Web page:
Tag Archives: s2e08

You Got Anybody to Eat Around Here?

… So I can, so I can watch you weave

Stellar performances all round aren’t enough to save “The Shroud of Rahmon.”  It’s not that this is bad episode, it’s actually a really fun departure for the series, it’s just that we didn’t need a departure, we needed an episode that carried forward the incredible momentum this show has built up recently.  It’s not even that this story doesn’t service the season arc.  Kate’s been slightly sidelined thus far, but her arc will become critical to the narrative and this was a good return for her.  Beyond that, we had more of the usual anxiety about Angel’s obsession with Darla and further integration of Gunn into the group.  It’s all good and necessary groundwork, but things still feel stalled after the recent intensity. Continue reading

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One game at a time

Seems knowing isn’t actually half the battle

“The Prince of Winterfell” is about as far from doing one thing at a time as Game of Thrones gets.  I’m beginning to feel like a broken record, but this series is well served by its incredible scope… except when it’s not.  There’s still a lot of fun to be had along the way, but efforts to fit virtually every single character into a single episode mean we can’t really invest in anything that’s going on.  Episodes like this one are a bit inevitable on this series and while it was by no means bad, it did feel a lot like housekeeping; we’re caught up on all the major plot points and the pieces are placed just where they need to be for the season’s end game. Continue reading

I may be love’s bitch, but at least I’m man enough to admit it

“Lovers Walk” is one of those episodes that make you wonder just how well Whedon had Buffy’s continuity planned out.  While Spike’s behavior is certainly in keeping with what we already know, it truly resonates with things we won’t learn about him until season five’s “Fool for Love.”  The nice part about not particularly caring about authorial intent is that I’m free to see William the Bloody Awful Poet all over this story, whether that background actually existed at this point or not.  We never doubted that Spike loved Drusilla, but his despair over losing her reveals a sensitivity we haven’t seen before.    Combine that with his unique insight into Buffy and Angel’s relationship and you’ve got a character with the soul of a poet. Continue reading

I need to embrace who I am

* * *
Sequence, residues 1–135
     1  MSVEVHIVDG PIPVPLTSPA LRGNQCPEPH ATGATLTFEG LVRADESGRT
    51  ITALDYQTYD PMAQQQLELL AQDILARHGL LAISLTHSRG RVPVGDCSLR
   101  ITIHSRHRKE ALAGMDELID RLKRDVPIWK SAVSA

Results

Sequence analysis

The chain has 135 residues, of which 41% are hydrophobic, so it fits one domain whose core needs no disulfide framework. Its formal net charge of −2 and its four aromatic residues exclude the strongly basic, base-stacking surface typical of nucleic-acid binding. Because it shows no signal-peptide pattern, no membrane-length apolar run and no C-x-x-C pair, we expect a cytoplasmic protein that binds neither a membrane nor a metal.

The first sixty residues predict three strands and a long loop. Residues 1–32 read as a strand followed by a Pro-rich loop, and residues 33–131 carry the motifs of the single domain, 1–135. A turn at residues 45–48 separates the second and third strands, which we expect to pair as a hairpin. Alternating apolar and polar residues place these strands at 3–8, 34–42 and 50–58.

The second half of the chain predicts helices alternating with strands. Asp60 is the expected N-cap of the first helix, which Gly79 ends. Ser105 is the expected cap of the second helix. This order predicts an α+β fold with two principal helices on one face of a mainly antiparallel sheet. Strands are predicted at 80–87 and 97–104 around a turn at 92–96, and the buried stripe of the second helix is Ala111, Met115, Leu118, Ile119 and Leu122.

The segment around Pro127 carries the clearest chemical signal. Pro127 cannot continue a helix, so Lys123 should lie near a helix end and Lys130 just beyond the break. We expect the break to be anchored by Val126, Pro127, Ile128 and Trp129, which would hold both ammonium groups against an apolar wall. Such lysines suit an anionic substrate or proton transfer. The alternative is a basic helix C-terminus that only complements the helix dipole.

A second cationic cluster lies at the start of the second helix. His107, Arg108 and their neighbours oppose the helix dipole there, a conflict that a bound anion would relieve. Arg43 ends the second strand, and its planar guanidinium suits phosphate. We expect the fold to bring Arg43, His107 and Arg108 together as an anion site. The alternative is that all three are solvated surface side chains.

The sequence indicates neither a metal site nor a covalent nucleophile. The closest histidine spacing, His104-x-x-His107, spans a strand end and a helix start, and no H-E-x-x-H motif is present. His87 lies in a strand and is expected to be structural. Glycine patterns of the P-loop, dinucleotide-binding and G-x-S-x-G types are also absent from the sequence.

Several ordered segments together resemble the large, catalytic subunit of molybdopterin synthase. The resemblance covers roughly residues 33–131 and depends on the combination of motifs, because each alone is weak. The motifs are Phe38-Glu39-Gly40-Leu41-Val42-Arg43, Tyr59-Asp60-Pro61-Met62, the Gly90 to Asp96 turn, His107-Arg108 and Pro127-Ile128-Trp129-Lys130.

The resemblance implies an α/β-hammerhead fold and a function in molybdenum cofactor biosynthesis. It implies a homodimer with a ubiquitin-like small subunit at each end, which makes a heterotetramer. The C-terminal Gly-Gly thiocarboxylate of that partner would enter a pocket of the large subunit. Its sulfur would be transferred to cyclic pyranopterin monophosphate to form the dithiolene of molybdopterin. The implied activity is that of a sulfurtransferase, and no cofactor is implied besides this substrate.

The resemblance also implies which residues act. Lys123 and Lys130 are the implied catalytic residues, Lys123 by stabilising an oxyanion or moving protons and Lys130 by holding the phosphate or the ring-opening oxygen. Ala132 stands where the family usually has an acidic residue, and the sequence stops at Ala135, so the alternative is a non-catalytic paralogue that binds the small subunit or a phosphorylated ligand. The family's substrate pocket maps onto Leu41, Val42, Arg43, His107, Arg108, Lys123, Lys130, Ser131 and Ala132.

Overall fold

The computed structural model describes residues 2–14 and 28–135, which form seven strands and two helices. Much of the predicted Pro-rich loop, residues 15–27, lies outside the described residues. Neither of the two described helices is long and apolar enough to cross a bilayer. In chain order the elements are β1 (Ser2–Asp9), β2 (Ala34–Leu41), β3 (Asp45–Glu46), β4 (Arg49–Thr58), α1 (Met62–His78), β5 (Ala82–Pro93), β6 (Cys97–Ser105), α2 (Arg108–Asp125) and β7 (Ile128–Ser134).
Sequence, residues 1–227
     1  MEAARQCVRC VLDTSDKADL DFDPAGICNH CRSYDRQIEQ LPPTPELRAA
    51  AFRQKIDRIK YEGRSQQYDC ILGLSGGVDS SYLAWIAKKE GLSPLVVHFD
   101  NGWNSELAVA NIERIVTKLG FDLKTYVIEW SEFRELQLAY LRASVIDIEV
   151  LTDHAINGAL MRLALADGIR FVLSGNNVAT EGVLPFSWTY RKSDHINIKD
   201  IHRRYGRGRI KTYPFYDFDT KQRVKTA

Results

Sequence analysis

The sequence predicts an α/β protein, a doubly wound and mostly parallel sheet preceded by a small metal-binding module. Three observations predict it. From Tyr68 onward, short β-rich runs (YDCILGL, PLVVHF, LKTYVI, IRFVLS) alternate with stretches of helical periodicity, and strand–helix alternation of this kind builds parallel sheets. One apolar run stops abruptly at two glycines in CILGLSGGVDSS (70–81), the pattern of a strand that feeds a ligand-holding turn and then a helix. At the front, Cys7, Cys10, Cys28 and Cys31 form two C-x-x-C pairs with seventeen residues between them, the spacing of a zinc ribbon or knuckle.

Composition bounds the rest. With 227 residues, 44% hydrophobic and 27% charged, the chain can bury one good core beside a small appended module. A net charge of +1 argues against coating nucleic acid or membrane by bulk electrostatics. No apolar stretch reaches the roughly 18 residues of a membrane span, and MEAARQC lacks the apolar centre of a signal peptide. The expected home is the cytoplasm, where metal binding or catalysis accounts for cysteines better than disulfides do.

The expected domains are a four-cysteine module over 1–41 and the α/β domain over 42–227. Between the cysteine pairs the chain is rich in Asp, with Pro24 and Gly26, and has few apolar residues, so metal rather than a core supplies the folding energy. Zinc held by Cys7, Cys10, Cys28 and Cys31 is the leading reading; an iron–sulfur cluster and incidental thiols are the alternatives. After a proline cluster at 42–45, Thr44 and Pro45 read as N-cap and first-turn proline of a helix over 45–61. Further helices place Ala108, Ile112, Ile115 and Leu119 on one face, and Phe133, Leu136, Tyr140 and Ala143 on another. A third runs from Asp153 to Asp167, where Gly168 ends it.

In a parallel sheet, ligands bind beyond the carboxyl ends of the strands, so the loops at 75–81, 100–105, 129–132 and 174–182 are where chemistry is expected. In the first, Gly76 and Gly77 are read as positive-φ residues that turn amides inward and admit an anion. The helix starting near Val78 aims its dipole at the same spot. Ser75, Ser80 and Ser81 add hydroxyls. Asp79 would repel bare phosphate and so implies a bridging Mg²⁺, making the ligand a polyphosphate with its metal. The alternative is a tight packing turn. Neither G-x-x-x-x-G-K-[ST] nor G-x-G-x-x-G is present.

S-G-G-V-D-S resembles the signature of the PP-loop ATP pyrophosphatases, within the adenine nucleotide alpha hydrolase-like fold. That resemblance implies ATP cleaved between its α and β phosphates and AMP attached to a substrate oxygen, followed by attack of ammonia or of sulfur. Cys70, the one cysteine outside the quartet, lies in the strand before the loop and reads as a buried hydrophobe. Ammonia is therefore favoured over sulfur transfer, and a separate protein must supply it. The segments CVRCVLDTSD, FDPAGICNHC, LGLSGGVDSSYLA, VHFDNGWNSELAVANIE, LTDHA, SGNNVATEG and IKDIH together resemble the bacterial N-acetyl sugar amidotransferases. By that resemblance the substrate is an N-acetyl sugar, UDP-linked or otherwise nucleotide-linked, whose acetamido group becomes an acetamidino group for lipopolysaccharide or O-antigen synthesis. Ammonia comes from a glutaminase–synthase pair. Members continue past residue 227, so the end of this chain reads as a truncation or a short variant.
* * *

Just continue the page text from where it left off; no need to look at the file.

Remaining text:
Dexter’s identity crisis continues in “Morning Comes,” despite his assertions to the contrary. What’s so great about this episode is that we’re watching Dexter embrace what he thinks he is while still demonstrating the contradictions and uncertainties that have left him so confused in recent weeks.  This season’s body count has felt relatively low and so it’s nice to see Dex finish the job with Jimenez and it’s even nicer to see him turn on Lilah, the woman we all love to hate, but these monstrous acts are contrasted by the concern he shows for Rita and the kids.  The truth is that Dexter has no clue who he is. Continue reading

They Had to Tweeze That Out of My Kidney

Well, it seems that I owe the creators of Damages an apology.  Uncle’s Pete’s suicide may have been and emotionally empty payoff, but his suicide attempt proved to be fertile ground for telling a great story.  Not only did we learn enough about Pete’s character to really care about what happened to him, we found out exactly why he’s so important to Patty.  We knew he took care of her after her dad bailed, but actually seeing the bond between the two (both in flashbacks and the present) makes it relevant to the story.  Pete’s predicament is no longer just a superfluous subplot, but a moral crisis for Patty. Continue reading

I’m so used to you being a grown up

“The Dark Age” is one of the episodes I remember most from my initial viewing of Buffy, not because it’s particularly great, but because of how deftly it expands the characters and world of the show and (I’ll admit) because I’m a huge Giles fan.  Until now Rupert’s done the heavy lifting in making the exposition seem credible and served as a straight-laced foil for Buffy’s teenaged rebellions.  Continue reading

How come they don’t fly away?

After all the plot advancement in the last couple of episodes, “Duck and Cover” gives us some defining character moments.  “Defining” may be a bit misleading, as none of these choices seem terribly pivotal, but the way the characters respond to the various challenges here is much more about who they are than it is about what they do.  Continue reading